France’s La Fête Nationale, or national celebration, commemorates the storming of the Bastille on July 14, 1789. La Crêpe Nanou, our resident French bistro, has been an Uptown touchstone since 1983. At 35 years of age, it hasn’t a long history, but in restaurant years, remarkable nonetheless.

In a city where things are changing more often than not, the familiar is appreciated. A plate of steaming Moules et Frites bathed in a garlicky white wine sauce and a crusty baguette at La Crêpe Nanou’s qualifies. Continue reading »

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Jul 012018
 

The Sassy Private Chef’s Shrimp n’ Grit’s Recipe as featured on Bravo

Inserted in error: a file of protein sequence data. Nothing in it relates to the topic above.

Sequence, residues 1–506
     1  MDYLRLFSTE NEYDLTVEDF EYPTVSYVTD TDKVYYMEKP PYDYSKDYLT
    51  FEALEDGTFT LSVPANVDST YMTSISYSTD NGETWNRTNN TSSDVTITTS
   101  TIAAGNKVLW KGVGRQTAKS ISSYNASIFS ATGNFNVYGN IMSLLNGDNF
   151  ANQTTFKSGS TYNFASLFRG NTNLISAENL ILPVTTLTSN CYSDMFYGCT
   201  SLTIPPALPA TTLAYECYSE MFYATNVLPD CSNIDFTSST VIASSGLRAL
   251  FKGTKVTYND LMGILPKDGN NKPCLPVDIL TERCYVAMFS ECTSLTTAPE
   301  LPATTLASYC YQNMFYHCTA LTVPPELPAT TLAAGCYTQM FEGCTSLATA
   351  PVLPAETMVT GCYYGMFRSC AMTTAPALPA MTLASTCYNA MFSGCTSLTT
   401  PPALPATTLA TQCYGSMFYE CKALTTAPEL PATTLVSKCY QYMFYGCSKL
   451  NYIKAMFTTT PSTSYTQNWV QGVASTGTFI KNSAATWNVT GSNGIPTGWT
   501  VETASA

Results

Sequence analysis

Bravo’s Chef Benny Poppins aka Benjamin Levasseur (photo by G. Doucet)

Each series has one breakout character, and while the Bravo Southern Charm New Orleans series offered little to locals other than indigestion, it did present us with the sass of New Orleans’ private cook, Mr. Benny Poppins.

Poppins, aka Benjamin Levasseur, originally from Algiers, plies his trade amongst New Orleans’ families as a personal cook. “The name ‘Benny Poppins’ came from working closely with families and their children as a personal chef, and it stuck,” said Levasseur. Continue reading »

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Jun 092018
 

The Southern Food and Beverage Museum holds a yearly “Made in Louisiana” festival. The fest features merchants, chefs, distillers and all-around interesting people with locally made products available in New Orleans. I was lucky enough to be invited, and I plan to introduce you to some of those people and their products.

Part One
Bulldog Pepper Jelly: Jelly with a Bite